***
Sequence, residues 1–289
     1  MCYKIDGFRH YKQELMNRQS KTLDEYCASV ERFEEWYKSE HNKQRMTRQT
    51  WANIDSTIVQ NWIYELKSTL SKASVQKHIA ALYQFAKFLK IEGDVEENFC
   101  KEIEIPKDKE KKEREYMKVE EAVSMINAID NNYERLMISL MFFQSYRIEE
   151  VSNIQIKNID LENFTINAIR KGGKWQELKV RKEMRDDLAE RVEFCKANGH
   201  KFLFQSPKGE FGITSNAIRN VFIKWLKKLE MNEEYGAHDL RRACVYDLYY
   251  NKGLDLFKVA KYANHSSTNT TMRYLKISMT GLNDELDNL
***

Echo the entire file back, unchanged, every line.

Sequence, residues 1–289
     1  MCYKIDGFRH YKQELMNRQS KTLDEYCASV ERFEEWYKSE HNKQRMTRQT
    51  WANIDSTIVQ NWIYELKSTL SKASVQKHIA ALYQFAKFLK IEGDVEENFC
   101  KEIEIPKDKE KKEREYMKVE EAVSMINAID NNYERLMISL MFFQSYRIEE
   151  VSNIQIKNID LENFTINAIR KGGKWQELKV RKEMRDDLAE RVEFCKANGH
   201  KFLFQSPKGE FGITSNAIRN VFIKWLKKLE MNEEYGAHDL RRACVYDLYY
   251  NKGLDLFKVA KYANHSSTNT TMRYLKISMT GLNDELDNL